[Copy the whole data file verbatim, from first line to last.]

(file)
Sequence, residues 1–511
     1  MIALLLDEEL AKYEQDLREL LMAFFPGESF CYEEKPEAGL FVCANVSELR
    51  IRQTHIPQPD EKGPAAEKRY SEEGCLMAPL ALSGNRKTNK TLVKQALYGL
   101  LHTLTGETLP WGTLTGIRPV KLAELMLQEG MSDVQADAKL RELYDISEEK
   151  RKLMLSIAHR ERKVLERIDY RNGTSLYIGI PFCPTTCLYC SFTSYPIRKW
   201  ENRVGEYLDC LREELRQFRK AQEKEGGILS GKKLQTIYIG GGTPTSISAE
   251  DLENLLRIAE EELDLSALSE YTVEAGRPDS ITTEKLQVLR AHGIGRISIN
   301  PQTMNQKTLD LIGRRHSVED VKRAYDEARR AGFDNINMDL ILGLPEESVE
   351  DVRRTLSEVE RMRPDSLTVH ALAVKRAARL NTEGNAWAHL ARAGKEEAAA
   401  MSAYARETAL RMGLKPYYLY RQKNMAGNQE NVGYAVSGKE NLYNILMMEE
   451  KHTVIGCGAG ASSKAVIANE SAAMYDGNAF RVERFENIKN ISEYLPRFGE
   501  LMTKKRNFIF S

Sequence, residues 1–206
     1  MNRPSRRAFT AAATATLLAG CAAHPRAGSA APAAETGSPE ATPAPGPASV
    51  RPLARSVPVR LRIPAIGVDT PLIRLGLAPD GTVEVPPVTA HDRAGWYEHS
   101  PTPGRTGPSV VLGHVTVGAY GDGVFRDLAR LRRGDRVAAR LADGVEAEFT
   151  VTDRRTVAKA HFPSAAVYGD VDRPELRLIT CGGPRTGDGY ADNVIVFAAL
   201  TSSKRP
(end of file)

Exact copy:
Sequence, residues 1–511
     1  MIALLLDEEL AKYEQDLREL LMAFFPGESF CYEEKPEAGL FVCANVSELR
    51  IRQTHIPQPD EKGPAAEKRY SEEGCLMAPL ALSGNRKTNK TLVKQALYGL
   101  LHTLTGETLP WGTLTGIRPV KLAELMLQEG MSDVQADAKL RELYDISEEK
   151  RKLMLSIAHR ERKVLERIDY RNGTSLYIGI PFCPTTCLYC SFTSYPIRKW
   201  ENRVGEYLDC LREELRQFRK AQEKEGGILS GKKLQTIYIG GGTPTSISAE
   251  DLENLLRIAE EELDLSALSE YTVEAGRPDS ITTEKLQVLR AHGIGRISIN
   301  PQTMNQKTLD LIGRRHSVED VKRAYDEARR AGFDNINMDL ILGLPEESVE
   351  DVRRTLSEVE RMRPDSLTVH ALAVKRAARL NTEGNAWAHL ARAGKEEAAA
   401  MSAYARETAL RMGLKPYYLY RQKNMAGNQE NVGYAVSGKE NLYNILMMEE
   451  KHTVIGCGAG ASSKAVIANE SAAMYDGNAF RVERFENIKN ISEYLPRFGE
   501  LMTKKRNFIF S

Sequence, residues 1–206
     1  MNRPSRRAFT AAATATLLAG CAAHPRAGSA APAAETGSPE ATPAPGPASV
    51  RPLARSVPVR LRIPAIGVDT PLIRLGLAPD GTVEVPPVTA HDRAGWYEHS
   101  PTPGRTGPSV VLGHVTVGAY GDGVFRDLAR LRRGDRVAAR LADGVEAEFT
   151  VTDRRTVAKA HFPSAAVYGD VDRPELRLIT CGGPRTGDGY ADNVIVFAAL
   201  TSSKRP